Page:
Social ontology and the challenge of suitcase words

This is a wonderful expression I just picked up from Machine, Platform, Crowd by Andrew McAfee and Erik Brynjolfsson. As they describe on pg 112-113, suitcase words jumble together multiple meanings in a way which renders questions more obscure than they would otherwise be:

Is generative-design software really “creative?” It’s a hard question because creativity is a prime example of what AI pioneer Marvin Minsky called a “suitcase word.” As he put it, “Most words we use to describe our minds (like ‘consciousness,’ ‘learning,’ or ‘memory’) are suitcase-like jumbles of different ideas.” We see just such a jumble in different definitions of creativity. The Oxford English Dictionary, for example, states that creativity is “the use of imagination or original ideas, especially in the production of an artistic work.”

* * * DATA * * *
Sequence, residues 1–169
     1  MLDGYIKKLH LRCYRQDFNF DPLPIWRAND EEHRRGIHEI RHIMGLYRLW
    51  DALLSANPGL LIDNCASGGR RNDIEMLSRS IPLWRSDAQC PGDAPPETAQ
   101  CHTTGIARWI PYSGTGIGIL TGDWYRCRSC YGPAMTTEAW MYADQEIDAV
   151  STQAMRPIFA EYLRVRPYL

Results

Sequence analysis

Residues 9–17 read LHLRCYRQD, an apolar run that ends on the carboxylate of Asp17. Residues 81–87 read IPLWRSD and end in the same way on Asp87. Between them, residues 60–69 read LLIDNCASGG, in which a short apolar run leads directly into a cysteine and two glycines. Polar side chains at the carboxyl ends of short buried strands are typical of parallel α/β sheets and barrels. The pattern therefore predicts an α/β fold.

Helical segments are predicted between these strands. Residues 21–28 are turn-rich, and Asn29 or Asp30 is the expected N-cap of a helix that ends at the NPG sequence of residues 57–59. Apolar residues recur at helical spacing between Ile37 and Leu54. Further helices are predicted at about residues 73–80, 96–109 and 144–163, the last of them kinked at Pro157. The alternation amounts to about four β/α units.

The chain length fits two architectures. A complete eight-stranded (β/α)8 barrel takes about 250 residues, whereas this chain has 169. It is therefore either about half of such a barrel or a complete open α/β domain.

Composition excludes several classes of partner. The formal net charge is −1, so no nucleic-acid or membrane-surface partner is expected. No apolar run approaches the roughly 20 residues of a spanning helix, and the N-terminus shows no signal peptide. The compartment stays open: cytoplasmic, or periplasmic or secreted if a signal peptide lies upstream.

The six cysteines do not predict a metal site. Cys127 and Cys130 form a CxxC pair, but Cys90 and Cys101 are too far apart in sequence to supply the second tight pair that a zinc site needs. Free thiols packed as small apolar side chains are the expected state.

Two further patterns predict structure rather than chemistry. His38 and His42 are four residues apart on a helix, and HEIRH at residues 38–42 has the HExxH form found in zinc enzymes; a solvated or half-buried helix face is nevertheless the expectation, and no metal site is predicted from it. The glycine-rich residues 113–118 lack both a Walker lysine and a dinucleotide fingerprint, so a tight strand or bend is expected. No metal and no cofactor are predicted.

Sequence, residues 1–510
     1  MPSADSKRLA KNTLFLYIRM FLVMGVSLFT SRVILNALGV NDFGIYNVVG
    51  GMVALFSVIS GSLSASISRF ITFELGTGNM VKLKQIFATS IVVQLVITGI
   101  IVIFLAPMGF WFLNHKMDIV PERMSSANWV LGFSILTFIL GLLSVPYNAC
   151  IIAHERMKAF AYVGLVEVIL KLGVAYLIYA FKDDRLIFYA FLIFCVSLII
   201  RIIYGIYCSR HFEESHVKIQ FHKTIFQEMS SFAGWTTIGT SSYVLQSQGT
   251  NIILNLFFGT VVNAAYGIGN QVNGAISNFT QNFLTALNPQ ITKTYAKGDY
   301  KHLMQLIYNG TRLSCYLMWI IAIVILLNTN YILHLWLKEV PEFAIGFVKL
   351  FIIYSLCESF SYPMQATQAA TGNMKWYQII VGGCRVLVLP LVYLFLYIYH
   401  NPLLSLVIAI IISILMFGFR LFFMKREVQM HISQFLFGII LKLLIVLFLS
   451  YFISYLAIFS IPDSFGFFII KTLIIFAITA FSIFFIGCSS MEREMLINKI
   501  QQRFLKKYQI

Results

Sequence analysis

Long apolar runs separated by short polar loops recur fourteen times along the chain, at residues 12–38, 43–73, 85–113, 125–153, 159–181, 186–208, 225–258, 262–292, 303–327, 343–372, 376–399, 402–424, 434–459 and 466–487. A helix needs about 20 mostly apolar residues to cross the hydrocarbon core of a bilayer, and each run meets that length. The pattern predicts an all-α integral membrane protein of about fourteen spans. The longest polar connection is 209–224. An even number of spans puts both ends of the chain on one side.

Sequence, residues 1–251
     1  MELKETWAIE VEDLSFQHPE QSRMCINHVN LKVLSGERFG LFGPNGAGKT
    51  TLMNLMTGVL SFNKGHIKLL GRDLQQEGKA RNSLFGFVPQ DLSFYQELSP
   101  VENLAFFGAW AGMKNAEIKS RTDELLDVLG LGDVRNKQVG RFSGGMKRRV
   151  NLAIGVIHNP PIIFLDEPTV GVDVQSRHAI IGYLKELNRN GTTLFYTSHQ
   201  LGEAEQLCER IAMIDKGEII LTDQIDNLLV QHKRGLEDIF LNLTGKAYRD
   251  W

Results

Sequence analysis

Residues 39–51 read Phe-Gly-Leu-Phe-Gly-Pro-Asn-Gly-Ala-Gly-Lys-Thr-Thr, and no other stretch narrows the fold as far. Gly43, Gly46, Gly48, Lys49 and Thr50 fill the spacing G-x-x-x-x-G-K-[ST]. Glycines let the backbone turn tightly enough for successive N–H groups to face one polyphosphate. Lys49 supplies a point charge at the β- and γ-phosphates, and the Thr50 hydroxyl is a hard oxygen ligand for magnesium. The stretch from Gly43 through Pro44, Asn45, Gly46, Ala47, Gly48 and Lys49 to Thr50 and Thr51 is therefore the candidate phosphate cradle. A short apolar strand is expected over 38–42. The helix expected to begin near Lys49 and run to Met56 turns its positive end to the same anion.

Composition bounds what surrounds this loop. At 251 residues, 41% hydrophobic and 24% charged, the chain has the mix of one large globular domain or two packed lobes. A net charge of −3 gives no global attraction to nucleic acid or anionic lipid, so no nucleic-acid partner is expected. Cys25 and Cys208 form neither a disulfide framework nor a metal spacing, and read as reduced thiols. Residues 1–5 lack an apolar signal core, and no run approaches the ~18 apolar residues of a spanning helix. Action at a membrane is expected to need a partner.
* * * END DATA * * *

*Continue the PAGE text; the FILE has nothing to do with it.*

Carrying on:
In a lecture today I argued that our debates about the meaning of the human are prone to this, relying on contested terms without properly defining them. It’s when we confront suitcase words that social ontology becomes invaluable, offering us techniques for unpacking these terms and ensuring the debate proceeds in terms of the contents of the suitcase rather than the suitcase itself. If we are clear about this purpose then it invites us to undertake ontological reasoning in a focused way, orientated towards the clarification of questions through the delineation of entities and characteristics.

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